We believe the Supreme Court of Missouri would construe McRaven more narrowly. In Harrison v. MFA Mutual Insurance Co., 607 S.W.2d 137, 142 (Mo. 1980), the Court rejected the argument that a coverage-limiting provision was rendered ambiguous by its location: "Where language in an insurance contract is unequivocal, it is to be given its plain meaning notwithstanding the fact that it appears in a restrictive provision of a policy." Likewise, in Automobile Club, 778 S.W.2d at 775, the Missouri Court of Appeals distinguished McRaven and rejected an ambiguity-by-location argument in enforcing a policy provision that excluded coverage for a person who used an insured vehicle without the owner's permission.
In this case, the Part I coverage section extends for two-and-one-half pages of the policy. For clarity and ease of reading, Farmers subdivided the section with eight subheadings. The question appellees raise is where the step-down clause should be located. It does not logically fall within the "Exclusions" subheading, because it does not totally exclude any coverage. It might logically be located under the Limits of Liability subheading, but Farmers points out that the step-down clause is unlike all the other limits set forth under that subheading because they apply equally to all insured persons. Instead, Farmers placed the step-down clause under the Other Insurance subheading, immediately below a clause stating that, when there is other applicable insurance, "[o]ur share is the proportion that our limits of liability bear to the total of all applicable limits." Farmers notes that permissive users frequently have other insurance -- their own separate coverage -- in which case the step-down clause is relevant in establishing the Farmers "share" of the total coverage.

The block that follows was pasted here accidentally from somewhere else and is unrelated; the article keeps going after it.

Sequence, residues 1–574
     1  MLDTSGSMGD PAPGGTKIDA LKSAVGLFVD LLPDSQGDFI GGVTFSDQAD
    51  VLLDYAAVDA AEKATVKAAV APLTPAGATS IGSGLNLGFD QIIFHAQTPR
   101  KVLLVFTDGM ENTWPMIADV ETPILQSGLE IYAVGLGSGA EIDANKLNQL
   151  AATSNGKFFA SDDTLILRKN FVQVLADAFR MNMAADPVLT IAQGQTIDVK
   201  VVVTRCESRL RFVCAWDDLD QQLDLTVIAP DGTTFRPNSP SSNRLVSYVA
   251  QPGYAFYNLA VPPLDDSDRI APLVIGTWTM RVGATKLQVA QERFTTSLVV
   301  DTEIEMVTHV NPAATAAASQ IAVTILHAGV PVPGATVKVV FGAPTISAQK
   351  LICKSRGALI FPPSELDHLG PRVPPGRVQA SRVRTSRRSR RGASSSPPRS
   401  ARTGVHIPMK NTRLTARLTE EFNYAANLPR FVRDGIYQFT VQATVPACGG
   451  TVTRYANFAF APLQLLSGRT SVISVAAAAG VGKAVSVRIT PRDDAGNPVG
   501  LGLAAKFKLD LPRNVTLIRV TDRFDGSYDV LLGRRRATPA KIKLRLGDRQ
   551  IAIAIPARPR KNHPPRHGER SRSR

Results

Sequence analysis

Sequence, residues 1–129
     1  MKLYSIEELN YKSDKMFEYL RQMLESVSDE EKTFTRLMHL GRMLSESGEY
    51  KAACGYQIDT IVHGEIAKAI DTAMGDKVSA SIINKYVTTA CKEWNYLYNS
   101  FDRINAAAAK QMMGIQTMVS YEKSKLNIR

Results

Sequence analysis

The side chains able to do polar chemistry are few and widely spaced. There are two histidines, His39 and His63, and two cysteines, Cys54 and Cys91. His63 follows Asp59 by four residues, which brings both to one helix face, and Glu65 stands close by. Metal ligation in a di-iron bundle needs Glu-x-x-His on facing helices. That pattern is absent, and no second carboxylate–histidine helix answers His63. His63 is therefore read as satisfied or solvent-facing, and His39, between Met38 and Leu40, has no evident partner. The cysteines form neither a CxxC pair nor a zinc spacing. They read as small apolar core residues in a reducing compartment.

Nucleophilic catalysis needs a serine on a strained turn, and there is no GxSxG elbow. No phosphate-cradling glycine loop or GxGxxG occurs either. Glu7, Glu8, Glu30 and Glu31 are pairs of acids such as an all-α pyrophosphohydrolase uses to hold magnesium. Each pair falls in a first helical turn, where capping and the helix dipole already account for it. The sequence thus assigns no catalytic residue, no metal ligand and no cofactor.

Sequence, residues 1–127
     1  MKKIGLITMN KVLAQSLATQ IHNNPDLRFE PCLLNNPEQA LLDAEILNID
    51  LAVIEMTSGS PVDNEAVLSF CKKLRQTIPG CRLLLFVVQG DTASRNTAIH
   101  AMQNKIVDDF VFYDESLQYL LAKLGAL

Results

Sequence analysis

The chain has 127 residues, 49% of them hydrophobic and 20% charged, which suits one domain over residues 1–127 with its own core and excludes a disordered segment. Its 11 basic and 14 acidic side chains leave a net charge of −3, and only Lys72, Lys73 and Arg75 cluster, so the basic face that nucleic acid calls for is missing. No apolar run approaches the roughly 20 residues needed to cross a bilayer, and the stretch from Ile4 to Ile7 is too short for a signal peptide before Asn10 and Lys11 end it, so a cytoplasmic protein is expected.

Farmers' explanation for its placement of the step-down clause is rational. That dispels any inference that this coverage limitation was intentionally "hidden" where insureds would not find it. Thus, appellees are left with the argument that this unambiguous provision should not be given effect because it is relatively difficult to find. We conclude the Supreme Court of Missouri would not permit this contention to vary the plain meaning of an insurance contract. Under Missouri law, contracts are to be construed as a whole. That means parties to a contract are expected to read the entire agreement and to understand its unambiguous provisions. As the court said in rejecting an ambiguity-by-location argument in Automobile Club, 778 S.W.2d at 775, "We shall neither pervert language nor exercise inventive powers for the purpose of creating an ambiguity when none exists."
The judgment of the district court is reversed.
Farmers refers to this provision as a "drop-down" clause, but the district court suggested that "drop-down" is a term more appropriately used when an excess insurance carrier provides coverage. This debate over terminology does not affect our disposition of the appeal.
Citing language in Behr v. Blue Cross Hospital Service, Inc., 715 S.W.2d 251, 256 (Mo. 1986), out of context, Worrall further argues that a policy is always ambiguous if it grants insurance at one point but takes away or limits it at another. This contention was expressly rejected by the court in Windsor, 24 S.W.2d at 154. In Part I of the Farmers policy, the step-down clause modifies the primary insuring clause. There is no patent inconsistency between the two provisions.